08A ATMO 352-501-502 F. Zhang - ATMO 352 Severe Weather and...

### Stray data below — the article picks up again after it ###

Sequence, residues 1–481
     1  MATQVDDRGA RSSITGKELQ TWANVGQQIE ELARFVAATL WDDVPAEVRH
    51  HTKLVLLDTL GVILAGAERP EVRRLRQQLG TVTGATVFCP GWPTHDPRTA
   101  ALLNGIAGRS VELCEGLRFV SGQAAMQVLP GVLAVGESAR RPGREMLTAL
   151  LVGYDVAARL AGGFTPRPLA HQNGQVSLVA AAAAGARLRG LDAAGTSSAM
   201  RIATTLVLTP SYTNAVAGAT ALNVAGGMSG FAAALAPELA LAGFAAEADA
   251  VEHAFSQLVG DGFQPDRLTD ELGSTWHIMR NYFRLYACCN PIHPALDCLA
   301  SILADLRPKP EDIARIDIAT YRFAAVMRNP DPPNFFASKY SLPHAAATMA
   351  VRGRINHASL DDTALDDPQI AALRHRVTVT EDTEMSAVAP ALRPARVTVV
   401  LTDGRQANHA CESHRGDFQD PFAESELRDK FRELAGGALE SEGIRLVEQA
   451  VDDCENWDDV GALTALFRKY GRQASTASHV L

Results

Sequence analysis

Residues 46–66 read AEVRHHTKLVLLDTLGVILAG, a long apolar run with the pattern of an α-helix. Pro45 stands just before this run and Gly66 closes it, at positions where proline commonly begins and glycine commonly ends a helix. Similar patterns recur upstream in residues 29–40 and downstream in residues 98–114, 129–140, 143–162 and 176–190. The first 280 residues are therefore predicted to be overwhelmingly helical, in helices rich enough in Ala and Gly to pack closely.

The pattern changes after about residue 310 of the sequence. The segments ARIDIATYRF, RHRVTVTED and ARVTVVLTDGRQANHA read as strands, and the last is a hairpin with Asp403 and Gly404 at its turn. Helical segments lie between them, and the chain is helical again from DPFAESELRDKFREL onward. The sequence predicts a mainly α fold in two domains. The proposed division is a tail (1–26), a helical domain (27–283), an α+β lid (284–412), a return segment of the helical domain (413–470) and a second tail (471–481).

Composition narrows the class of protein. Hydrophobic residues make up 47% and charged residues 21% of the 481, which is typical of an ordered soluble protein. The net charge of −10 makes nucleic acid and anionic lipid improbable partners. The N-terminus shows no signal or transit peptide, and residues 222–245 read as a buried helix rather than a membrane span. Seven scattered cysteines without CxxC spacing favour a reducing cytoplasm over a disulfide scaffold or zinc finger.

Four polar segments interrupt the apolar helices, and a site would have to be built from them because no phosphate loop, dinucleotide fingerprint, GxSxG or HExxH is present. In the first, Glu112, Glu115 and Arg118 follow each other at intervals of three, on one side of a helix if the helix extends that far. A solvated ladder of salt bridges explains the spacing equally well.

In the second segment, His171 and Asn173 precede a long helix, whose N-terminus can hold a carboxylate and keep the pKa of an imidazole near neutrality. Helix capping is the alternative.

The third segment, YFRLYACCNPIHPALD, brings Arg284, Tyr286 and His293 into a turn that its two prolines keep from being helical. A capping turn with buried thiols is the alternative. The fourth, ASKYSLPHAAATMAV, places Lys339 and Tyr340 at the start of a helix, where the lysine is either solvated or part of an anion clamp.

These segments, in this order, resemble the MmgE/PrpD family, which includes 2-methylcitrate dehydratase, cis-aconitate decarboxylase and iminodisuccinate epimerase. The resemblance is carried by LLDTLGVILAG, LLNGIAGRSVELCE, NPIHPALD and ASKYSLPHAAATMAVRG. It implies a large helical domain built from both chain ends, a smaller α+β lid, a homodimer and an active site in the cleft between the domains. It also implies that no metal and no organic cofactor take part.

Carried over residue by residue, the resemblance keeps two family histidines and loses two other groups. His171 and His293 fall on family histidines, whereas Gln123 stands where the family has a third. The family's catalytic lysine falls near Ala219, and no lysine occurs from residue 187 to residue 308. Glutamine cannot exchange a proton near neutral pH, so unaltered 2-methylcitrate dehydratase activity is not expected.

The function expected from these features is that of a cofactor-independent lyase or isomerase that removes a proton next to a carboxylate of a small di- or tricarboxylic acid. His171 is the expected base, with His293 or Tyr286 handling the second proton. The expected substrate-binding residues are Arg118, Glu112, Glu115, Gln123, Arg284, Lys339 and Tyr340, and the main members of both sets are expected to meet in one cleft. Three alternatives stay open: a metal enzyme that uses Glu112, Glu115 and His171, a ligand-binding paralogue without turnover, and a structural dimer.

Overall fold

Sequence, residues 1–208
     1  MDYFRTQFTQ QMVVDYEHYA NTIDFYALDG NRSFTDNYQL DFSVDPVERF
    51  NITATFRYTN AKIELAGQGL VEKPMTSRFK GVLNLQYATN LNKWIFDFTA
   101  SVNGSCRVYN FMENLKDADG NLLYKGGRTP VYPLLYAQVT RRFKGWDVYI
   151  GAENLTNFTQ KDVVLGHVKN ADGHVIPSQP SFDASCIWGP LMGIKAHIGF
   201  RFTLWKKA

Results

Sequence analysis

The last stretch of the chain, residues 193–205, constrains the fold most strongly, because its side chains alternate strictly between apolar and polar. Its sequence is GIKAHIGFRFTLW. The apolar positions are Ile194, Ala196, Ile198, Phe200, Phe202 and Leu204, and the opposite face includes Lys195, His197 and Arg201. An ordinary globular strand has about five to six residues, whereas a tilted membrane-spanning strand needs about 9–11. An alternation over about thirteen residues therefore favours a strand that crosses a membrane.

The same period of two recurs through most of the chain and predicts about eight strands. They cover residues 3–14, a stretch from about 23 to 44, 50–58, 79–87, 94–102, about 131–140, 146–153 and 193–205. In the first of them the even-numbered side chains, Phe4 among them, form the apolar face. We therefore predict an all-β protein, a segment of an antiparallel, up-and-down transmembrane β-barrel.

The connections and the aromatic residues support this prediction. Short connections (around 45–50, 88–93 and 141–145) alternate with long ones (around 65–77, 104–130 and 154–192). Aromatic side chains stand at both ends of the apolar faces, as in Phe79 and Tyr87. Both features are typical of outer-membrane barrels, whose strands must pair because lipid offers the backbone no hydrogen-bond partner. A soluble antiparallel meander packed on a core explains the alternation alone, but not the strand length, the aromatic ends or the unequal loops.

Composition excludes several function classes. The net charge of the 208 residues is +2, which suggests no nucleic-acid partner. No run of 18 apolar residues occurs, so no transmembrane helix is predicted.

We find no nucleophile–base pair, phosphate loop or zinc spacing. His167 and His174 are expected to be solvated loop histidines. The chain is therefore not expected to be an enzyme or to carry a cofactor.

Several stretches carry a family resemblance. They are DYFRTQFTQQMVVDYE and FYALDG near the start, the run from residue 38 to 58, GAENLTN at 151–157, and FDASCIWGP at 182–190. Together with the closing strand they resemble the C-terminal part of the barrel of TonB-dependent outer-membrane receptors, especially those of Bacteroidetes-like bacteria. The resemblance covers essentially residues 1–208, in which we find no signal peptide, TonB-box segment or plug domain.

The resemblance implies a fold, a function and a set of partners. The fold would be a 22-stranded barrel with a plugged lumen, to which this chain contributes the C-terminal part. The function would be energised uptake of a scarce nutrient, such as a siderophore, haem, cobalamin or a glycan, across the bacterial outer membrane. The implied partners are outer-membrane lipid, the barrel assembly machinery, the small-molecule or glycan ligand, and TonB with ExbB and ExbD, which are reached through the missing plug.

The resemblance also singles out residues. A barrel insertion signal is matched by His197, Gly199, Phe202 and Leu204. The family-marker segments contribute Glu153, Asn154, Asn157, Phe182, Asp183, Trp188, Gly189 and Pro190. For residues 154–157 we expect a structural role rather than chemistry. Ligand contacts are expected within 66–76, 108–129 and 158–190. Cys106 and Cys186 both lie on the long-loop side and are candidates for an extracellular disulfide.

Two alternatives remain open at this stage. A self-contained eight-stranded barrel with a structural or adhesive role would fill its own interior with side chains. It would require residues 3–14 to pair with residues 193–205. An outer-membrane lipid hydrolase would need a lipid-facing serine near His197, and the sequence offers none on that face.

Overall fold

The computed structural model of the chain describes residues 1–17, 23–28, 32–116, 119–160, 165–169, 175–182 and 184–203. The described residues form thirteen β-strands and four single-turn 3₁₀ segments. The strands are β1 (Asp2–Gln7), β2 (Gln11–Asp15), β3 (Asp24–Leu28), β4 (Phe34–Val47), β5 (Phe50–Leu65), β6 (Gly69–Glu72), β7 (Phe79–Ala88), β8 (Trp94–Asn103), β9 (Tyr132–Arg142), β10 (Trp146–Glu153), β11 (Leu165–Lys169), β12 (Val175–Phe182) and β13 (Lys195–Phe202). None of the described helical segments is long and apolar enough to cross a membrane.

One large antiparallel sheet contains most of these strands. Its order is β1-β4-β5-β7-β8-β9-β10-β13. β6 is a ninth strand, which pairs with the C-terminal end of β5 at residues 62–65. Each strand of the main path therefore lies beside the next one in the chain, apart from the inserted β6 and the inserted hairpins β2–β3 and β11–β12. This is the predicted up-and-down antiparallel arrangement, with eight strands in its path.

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Unformatted text preview: ATMO 352 Severe Weather and Mesos'cale Forecasting Spring 2008 Instructors: Dr. Fuqing Zhang and Dr. Ellie Meng Ofiice: 0&M Building, Room 1002B and Room 1002A Emails: [email protected] and [email protected] Phone: 979—862—1580 and 070-645-3305 Ofi‘ice Hours: MW 1:30 —— 2:30 PM (or by appointment) Teaching Assistant: Jason Sippel Ofi‘ice: 0&M Building, Room 1002A E—mail: [email protected] Phone: 979-845—3305 Ofi‘ice Hours: R 12:20 — 2:20 PM Course Objectives The objective of this class is to prdvide students with 1) a firm foundation in the underlying physical processes of severe convective storms and 2) working knowledge of state-of—the—art diagnostic, forecasting and observational tools and methodology in mesoscaie meteorology. The study of severe convective storms covers a variety of t0pics, including but not limited to: superceils/tomadoes, hailstorms, convectiveiy—driven straight-line wind events, mesoscale convective systems, lightning, and flash flooding. Theoretical and observational approaches will be employed to investigate the physical processes of convection. With an understanding of the underlying physics, the course then emphasizes the observation and forecasting of severe convective storms, including a discussion of operational systems (e. g., radars, satellites, and numerical weather models) and associated techniques. Results from the latest research efforts to understand and forecast severe storms will be presented. Course Schedule Lecture: MW 12:40 — 1:30 PM, 0&M 103 Lab Sections: 501, R 2:20 — 4:20 PM, 0&M 1201 502, F 9:10 — 11:10 PM, 0&M 1201 Prerequisites MATH 172. Although not currently a formal prerequisite, students are strongly encouraged to take ATMO 251 (Weather Observation and Analysis) prior to this class. Recommended Textbook (recommended reading will accompany most lectures) Bluestein, H. B., 1.993: Synoptic—Dmamic Meteorology in Midlatitudes Vol. 11, Oxford University Press, New York. Other Recommended Textbooks/Books 08/4 Rauber, R. M., J. E. Walsh, and D. J. Charlevoix, 2006: Severe and Hazardous Weather. An Introduction to High Impact Weather. 2nd Edition, Kendall/Hunt Publishing Company, Dubuque, Iowa. Markowski, P. V. and Y. P. Richardson, 2008: A Survey of Mesoscale Meteorology. In draft form and available online at: (Account and password will be provided, courtesy of the authors). Laboratory Materials - GARP and NSHARP meteorological analysis and data viewing software — installed on each iMAC in the 12th floor computer lab (1201); all students will be given a computer account and basic instruction in UNIX, GARP and NSHARP. - The UCAR-COMET Meteorology and Education and Training (MetEd - web—based training modules available on the Internet. Most of the necessary modules will come from either the “Convective Weather” (http:l/metedncaredu/topics convectivephp) or the “Mesoscale Meteorology” {http:l/metedncaredu/topics mesophp) topic areas. - Other approved Internet websites with useful meteorological data and information. Tentative Course Outline Week 1 — Convection in the Atmosphere Buoyancy. CAPE (Convective Available Potential Energy) and convective updrafts _ parcel theory. Single-cell convection. Week 2 - Sounding Analysis The sounding diagram. Dry and moist adiabatic ascent. Moist convection. CAPE — graphical calculation and interpretation. Instability indices. Airmass types. Week 3 — Relationship between Storm Environment and Structure Convective storm structure and evolution (single cell, multicell, and supercell). Role of wind shear. Theory. Application — the hodograph. Week 4 — Convective Storm Type Prediction Convective storm type prediction using buoyancy, shear and associated combined indices (e.g., bulk Richardson number). Other advanced forecasting indices. Week 5 - Interpretation of Operational Radar and Satellite Imagery Radar reflectivity. Doppler velocity. WSR—88D radar network. Visible and infrared imagery of clouds. GOES (Geostationary Operational Environmental Satellites). Week 6 - Severe Local Storms and the Storm Prediction Center (SPC) Definition and climatology of severe convective weather — tornadoes, hail, and straight line wind events. SPC procedures and products — Convective outlooks, watches, warnings and mesoscale discussions. Week 7 - Tornadoes The supercell. Mesocyclogenesis. Tornado genesis, maintenance, and decay. Structure and intensity of tornadoes. Radar detection of rnesocyclones. lndices for forecasting supercells and tornadoes. Tornadic vs. non-tornadic supercells. Non-supercell tornadoes. Case studies. Week 8 - Hailstorms Hail formation. Storm characteristics. Hailstone trajectories. Supercell vs. multicell. Radar detection. Case studies. Week 9 - Convectively-Driven High Wind Events Fundamentals of the downdraft. Types of downdrafts and resultant outflows. Detection and Forecasting. Case studies. Week 10 - Mesoscale Convective Systems Definitions. Climatology. Large—scale environment. Radar and satellite structure (e.g., squall lines, bow echoes, Mesoscale Convective Complexes). Relationship to severe weather. Derechos. Case studies. Week 1] - Convective Rain Production and Flash Flooding The physics of rain formation. Precipitation efficiency. Environmental and storm characteristics. Introduction to hydrometeorology. Forecasting and detection. Case studies. - Week 12 — Lightning Climatology. Storm electrification and electrical structure. Lightning types (cloud—to- ground versus intra—cloud). Relationship of lightning to storm structure and characteristics. Forecasting and detection (National Lightning Detection Network, Lightning Detection and Ranging). Case studies. Week 13 - Large—scale Processes Modulating Severe Weather Quasi-geostrophic theory. Jet streaks. Feedback processes. Numerical Weather Prediction (NWP) models and forecasting. Week 14 _ Mesoscale Processes and Severe Local Storms Forecasting Mesoscale preconditioning. Mesoscale triggering (e. g., terrain, land—sea breeze, dryline, gust fronts). Storrn— generated mesoscale effects. Mesoscale models and forecasting. Human input to mesoscale and severe weather forecasting: Ingredients-based method versus chart pattern recognition. Grading Policy Covers roughly first 1/3 of class material. Exam will be a mixture of short answer, word problem/problem solving/derivation, and multiple choice questions. No unexcused absences. All other absences must be arraned before the exam. Same format and procedures as above except covers approximately second 1/3 of class material Part I (20%). Same format and procedures as above except covers approximately last 1/3 of class material. Part II (10%). Additional questions similar to real- world forecasting exercises in lab. Requires comprehensive knowledge of all class materials, especially from lab. Unexcused late assignments will be penalized 10% per day until the start of the next lab after which no credit will be given. 20% lst Examination February 20% 2nd Mon, 7 Examination April Final Examination Laboratory Assignments; due at nearly every start of week during lab next lab. (about 10 labs). Typically Letter grades will be assigned based on the following approximate guidelines: “a ——a Plagiarism Statement The materials used in this course are copyrighted. These materials include but are not limited to syllabi, quizzes, exams, lab problems, in—class materials, review sheets, and additional problem sets. Because these materials are copyrighted, you do not have the right to cOpy the handouts, unless permission is expressly granted. As commonly defined, plagiarism consists of passing off as one’s own the ideas, words, writings, etc, which belong to another. In accordance with this definition, you are committing plagiarism if you copy the work of another person and turn it in as your own, even is you should have the permission of that person. Plagiarism is one of the worst academic sins, for the plagiarist destroys the trust among colleagues without which research cannot be safely communicated. If you have any questions regarding plagiarism, please consult the latest issue of the Texas A&M University Student Rules, http:l/student-rules.tamu.edu, under the section “Scholastic Dishonesty.” Aggie Honor Code - “An Aggie does not lie, cheat, or steal or tolerate those who do.” Upon accepting admission to Texas A&M University, a student immediately assumes a commitment to uphold the Honor Code, to accept reSponsibility for learning and to follow the philosophy and rules of the Honor System. Students will be required to state their commitment on examinations, research papers, and other academic work. Ignorance of the rules does not exclude any member of the Texas A&M University community from the requirements or the processes of the Honor System. For additional information please visit: . By signing assignments and examinations at Texas A&M University, the following Honor Pledge shall be understood and thereby signed to by the student: “On my honor, as an Aggie, I have neither given nor received unauthorized aid on this academic wor .” Accommodations The Americans with Disabilities Act (ADA) is a federal anti-discrimination statute that provides comprehensive civil rights protection for persons with disabilities. Among other things, this legislation requires that all students with disabilities be guaranteed a learning environment that provides for reasonable accommodation of their disabilities. If you believe you have a disability requiring an accommodation, please contact the Department of Student Life, Services for Students with Disabilities in Room B118 of Cain Hall, or call 845-1637. Note: this course syllabus is a modified version of Dr. Larry Carey’s in Spring 2007. Probable adjustments of lectures and labs based on mutual interests of the instructors and the students shall be expected during the semester. ...